The authors went home, the tents on the grounds of City Hall were folded and packed up â€” and the third annual Gaithersburg Festival ended.
Except that, a book festival, a really successful one, never ends. It goes on and on.
In one apartment, it is the glow of a Kindle or a Nook at night. In the house on the corner, itâ€™s the barely perceptible rustle of pages turning on a quiet weekend day. At your neighborâ€™s house, itâ€™s the sound of a cork popping free of a bottle as the monthly book club meeting begins.
People came. They met and talked to authors. They listened to them speak about writing. Now they are reading their books.
Book festivals take root and keep growing.
The truth is in the numbers, some say. According to Book Festival Chairman and Gaithersburg City Council member Jud Ashman, the number of people who visited the May 19 festival is estimated by staff to be between 15,000 and 18,000 â€” potentially â€ś50 percent more than last year.â€ť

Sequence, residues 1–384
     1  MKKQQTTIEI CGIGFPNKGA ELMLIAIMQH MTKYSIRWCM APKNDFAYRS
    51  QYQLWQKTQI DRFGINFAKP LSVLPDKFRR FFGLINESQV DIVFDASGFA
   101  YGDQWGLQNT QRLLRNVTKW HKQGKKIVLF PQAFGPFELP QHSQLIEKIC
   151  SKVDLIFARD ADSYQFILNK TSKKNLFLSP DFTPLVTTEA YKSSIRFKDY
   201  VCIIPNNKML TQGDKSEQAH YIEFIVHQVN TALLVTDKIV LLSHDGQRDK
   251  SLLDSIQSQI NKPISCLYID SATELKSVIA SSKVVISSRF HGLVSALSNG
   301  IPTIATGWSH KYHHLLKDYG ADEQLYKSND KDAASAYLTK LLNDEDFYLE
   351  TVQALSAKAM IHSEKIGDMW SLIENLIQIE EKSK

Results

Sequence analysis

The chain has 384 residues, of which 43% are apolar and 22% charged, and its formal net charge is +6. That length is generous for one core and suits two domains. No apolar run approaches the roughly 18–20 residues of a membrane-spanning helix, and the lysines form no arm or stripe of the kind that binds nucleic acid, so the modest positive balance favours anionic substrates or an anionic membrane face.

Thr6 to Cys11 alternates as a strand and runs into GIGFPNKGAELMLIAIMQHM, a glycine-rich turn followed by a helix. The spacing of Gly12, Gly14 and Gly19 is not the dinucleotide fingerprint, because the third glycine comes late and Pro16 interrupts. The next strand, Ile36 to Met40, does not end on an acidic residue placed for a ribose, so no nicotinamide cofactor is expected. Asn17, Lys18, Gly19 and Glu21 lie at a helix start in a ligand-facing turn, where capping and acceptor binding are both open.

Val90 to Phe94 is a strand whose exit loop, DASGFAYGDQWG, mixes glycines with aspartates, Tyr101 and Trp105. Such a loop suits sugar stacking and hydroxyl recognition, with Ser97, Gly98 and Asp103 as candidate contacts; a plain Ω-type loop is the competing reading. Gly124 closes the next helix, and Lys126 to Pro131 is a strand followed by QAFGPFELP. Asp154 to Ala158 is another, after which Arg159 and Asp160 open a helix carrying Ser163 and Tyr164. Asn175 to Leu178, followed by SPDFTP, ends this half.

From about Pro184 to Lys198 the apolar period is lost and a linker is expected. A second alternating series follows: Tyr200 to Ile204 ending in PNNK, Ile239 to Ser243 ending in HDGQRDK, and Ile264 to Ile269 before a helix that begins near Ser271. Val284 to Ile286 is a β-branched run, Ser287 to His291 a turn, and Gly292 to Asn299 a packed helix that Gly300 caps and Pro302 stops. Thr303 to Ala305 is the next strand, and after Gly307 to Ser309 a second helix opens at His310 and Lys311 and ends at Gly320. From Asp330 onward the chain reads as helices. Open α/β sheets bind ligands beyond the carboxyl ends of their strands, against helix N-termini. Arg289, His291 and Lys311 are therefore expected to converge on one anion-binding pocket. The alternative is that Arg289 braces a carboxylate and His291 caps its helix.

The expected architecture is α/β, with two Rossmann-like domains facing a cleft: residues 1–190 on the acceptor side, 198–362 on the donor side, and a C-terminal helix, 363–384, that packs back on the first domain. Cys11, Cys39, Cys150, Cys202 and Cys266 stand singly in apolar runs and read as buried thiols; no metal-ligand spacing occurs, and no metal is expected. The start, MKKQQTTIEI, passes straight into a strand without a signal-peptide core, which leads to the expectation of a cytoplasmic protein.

â€śIt was a spectacular day,â€ť Ashman said. â€śI am still quite euphoric â€” and proud. â€¦ Our book festival is now a part of our literary, cultural landscape.â€ť
Ashman said the feedback from surveys of festival-goers has been positive.
â€śNinety-five to ninety-six percent say they are likely to attend again next year,â€ť he said. â€śItâ€™s hard to beat that.â€ť